A Cyprus Settlement is Within Reach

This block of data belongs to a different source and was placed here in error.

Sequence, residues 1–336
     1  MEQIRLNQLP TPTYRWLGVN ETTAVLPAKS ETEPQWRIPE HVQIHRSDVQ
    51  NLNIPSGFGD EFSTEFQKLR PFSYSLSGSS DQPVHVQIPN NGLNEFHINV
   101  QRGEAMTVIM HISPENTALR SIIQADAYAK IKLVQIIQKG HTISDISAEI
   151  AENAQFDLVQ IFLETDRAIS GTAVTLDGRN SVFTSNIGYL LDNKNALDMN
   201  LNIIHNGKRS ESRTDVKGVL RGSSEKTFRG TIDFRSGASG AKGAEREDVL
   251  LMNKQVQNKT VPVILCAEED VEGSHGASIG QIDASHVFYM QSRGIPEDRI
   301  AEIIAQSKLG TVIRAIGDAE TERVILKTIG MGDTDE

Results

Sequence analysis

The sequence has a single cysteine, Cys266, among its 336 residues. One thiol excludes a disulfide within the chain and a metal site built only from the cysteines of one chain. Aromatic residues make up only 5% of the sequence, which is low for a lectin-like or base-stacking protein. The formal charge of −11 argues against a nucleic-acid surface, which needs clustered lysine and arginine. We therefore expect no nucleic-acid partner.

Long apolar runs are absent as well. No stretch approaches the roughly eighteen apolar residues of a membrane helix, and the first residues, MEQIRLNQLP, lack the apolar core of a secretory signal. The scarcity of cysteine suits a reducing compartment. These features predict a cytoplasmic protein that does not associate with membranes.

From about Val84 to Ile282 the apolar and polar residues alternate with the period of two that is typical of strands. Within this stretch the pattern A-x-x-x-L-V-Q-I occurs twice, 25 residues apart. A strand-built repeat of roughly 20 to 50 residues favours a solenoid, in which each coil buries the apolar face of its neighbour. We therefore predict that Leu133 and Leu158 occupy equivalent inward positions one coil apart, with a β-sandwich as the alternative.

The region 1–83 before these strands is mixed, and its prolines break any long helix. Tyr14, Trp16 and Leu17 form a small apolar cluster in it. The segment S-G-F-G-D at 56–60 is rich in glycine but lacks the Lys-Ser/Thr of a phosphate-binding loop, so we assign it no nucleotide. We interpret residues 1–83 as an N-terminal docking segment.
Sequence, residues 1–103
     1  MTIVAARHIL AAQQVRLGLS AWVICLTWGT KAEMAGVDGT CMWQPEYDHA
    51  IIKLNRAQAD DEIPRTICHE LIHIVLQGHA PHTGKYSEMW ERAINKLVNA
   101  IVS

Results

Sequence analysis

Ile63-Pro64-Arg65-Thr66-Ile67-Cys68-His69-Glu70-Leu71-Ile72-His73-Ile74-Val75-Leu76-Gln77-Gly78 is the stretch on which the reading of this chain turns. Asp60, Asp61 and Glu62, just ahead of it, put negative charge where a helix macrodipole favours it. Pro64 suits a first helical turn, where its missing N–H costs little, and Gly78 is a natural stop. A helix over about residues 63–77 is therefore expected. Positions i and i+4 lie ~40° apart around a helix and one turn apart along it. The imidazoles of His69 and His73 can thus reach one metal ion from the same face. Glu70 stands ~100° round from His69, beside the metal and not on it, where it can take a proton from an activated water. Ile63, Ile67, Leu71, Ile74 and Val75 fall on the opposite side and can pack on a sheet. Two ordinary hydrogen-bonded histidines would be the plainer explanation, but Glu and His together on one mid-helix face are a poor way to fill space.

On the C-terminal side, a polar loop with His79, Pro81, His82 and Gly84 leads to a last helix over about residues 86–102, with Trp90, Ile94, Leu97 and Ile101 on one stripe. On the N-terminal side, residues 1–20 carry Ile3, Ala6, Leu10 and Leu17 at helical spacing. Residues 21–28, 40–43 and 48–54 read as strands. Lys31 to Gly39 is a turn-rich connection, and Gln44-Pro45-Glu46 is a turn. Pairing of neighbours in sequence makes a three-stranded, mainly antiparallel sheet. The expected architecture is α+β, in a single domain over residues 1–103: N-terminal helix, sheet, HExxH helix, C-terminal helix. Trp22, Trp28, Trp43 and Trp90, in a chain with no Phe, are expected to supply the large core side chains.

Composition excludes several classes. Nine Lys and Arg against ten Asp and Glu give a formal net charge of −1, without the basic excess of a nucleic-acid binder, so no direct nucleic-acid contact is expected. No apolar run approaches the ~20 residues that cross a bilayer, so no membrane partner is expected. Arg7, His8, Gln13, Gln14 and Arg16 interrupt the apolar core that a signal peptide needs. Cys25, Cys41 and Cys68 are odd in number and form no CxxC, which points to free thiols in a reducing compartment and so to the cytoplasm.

Over the coming months, the parties in the long-running Cyprus dispute are likely to finalize the terms of reference for a referendum on reunification to be held on the Greek and Turkish sides of the island, possibly as soon as the late spring of 2016. Although it is too soon to predict success in a process that has seen many past disappointments, the prospects are now about as good as they can get. The leaders of the Republic of Cyprus and the Turkish community are genuinely committed to a deal. Economic travails on both sides have increased the incentives for a settlement. A Cyprus settlement would be a transforming development in a chaotic and insecure region. It would open the way for formal NATO-EU cooperation on everything from Ukraine to the Middle East — a key transatlantic interest — and would give Turkish-EU relations a huge boost. One wild card: the role of Moscow in the context of Turkish-Russian friction. A Cyprus settlement would threaten Russian interests, and Moscow could use its influence on the island and in the UN Security Council to impede a settlement.
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